Monday, 18 November 2019

Poetry Revisited: Autumn in the Hills by Frances Fuller Victor

Autumn in the Hills

(from Poems: 1900)

November came that day,
⁠And all the air was gray
⁠With delicate mists, blown down
From hilltops by the south wind’s balmy breath;
⁠And all the oaks were brown
⁠As Egypt’s kings in death.
⁠The maple’s crown of gold
⁠Laid tarnished on the wold;
The alder, and the ash, the aspen and the willow,
⁠Wore tattered suits of yellow.

⁠The soft October rains
⁠Had left some scarlet stains
Of color on the landscape’s neutral ground;
⁠Those fine ephemeral things,
⁠The winged notes of sound,
⁠That sing the “Harvest Home“
⁠Of ripe Autumn in the gloam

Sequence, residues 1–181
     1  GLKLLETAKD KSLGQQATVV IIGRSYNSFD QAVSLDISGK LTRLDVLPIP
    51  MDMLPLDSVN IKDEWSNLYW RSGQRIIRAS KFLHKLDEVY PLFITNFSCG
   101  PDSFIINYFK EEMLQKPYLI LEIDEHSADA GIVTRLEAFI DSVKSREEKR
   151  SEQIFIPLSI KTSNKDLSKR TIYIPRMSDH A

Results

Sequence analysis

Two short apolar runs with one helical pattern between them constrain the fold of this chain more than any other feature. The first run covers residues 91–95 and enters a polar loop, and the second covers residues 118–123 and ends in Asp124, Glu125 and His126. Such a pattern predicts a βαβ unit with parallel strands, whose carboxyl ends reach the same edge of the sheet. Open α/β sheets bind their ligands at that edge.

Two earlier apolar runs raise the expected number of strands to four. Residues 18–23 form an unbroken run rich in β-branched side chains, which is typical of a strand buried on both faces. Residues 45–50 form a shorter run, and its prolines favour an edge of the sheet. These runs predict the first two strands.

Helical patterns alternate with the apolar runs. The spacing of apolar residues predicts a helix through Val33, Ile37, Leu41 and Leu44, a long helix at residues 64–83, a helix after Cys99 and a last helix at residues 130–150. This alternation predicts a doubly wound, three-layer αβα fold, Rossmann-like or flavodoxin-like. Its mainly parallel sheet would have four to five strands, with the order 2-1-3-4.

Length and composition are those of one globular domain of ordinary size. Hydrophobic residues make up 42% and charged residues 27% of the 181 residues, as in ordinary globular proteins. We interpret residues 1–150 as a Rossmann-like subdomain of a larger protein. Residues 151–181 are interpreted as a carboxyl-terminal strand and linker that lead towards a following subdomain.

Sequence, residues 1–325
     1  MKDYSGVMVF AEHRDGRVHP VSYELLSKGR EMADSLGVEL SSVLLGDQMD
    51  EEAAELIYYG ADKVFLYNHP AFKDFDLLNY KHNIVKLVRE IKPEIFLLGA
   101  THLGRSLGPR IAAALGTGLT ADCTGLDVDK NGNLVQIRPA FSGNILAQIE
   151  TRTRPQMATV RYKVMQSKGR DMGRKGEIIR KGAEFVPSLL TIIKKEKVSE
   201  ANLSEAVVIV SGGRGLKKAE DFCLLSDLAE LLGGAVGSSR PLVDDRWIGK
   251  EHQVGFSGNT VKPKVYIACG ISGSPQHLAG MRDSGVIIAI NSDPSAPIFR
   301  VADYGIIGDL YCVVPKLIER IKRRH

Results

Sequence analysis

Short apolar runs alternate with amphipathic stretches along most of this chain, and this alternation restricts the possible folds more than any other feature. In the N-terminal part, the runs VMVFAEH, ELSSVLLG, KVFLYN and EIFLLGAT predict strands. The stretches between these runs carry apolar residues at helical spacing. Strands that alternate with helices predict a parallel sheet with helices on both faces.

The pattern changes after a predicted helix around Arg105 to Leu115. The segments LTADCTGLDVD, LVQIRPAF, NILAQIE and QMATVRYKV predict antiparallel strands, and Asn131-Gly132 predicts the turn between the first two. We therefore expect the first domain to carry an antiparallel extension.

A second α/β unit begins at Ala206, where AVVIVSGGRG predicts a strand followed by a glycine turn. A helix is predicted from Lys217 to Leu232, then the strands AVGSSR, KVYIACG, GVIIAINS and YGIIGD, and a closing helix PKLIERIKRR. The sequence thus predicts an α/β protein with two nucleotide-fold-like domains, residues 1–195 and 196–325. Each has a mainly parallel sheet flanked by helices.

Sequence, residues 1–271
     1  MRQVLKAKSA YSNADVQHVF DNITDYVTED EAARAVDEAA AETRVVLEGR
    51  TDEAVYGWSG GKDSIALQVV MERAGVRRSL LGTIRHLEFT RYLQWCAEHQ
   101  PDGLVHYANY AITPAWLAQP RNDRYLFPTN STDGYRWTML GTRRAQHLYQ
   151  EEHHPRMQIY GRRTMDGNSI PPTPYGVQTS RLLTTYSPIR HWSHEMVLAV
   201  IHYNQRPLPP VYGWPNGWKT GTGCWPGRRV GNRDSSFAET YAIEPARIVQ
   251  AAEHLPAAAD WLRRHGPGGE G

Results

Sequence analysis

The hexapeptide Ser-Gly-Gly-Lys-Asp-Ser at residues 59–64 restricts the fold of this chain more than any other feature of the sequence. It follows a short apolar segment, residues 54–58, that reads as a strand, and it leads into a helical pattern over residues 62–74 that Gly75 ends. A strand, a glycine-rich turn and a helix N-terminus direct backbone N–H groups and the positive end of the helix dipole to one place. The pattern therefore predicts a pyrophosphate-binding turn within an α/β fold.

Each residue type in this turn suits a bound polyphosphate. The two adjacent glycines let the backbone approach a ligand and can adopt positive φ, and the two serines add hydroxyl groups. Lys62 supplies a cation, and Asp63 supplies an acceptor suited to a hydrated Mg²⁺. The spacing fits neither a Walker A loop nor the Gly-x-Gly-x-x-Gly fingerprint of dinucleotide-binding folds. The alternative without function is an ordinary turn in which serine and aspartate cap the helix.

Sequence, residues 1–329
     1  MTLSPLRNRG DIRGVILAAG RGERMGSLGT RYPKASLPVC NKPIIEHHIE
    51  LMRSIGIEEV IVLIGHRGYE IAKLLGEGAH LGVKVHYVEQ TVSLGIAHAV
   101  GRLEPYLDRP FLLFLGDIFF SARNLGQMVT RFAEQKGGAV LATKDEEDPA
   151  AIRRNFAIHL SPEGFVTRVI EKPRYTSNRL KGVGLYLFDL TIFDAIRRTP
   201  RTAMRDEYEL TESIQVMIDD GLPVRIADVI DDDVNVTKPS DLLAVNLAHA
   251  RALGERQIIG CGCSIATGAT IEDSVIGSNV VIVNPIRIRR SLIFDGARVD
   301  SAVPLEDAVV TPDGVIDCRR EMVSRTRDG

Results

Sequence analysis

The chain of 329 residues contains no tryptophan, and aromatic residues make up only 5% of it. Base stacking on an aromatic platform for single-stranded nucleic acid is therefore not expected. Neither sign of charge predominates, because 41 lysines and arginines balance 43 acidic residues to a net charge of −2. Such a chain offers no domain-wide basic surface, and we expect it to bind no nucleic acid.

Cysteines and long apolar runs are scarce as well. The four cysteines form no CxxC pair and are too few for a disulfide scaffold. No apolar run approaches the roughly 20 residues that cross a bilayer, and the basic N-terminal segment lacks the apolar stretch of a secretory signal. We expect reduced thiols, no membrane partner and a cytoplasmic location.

Of the deep and bosky woods, in the field and by the river,
⁠Sang that day their best endeavor.

⁠I said: “In what sweet place
⁠Shall we meet, face to face,
⁠Her loveliest self to see—
Meet Nature, at her sad autumnal rites,
⁠And learn the mystery
⁠Of her unnamed delights?“
⁠Then you said: “Let us go
⁠Where the late violets blow
In hollows of the hills, under dead oak leaves hiding;—
⁠We’ll find she’s there abiding.“

⁠Do we recall that day?
⁠Has its grace passed away—
⁠Its tenderest, dream-like tone,
Like one of Turner’s landscapes limned on air—
⁠Has its fine perfume flown
⁠And left the memory bare?
⁠Not so; its charm is still
⁠Over wood, vale and hill—
The ferny odor sweet, the humming insect chorus,
⁠The spirit that before us

⁠Enticed us with delights
⁠To the blue, breezy heights.
⁠O, beautiful hills that stand
Serene ‘twixt earth and heaven, with the grace
⁠Of both to make you grand,—
⁠Your loveliness leaves place
⁠For nothing fairer, fair,
⁠And complete beyond compare,
O, lovely purple hills! O, first day of November,
⁠Be sure that I remember.

Salem. Or., 1869.

Frances Fuller Victor (1826-1902)
American historian, novelist and poet

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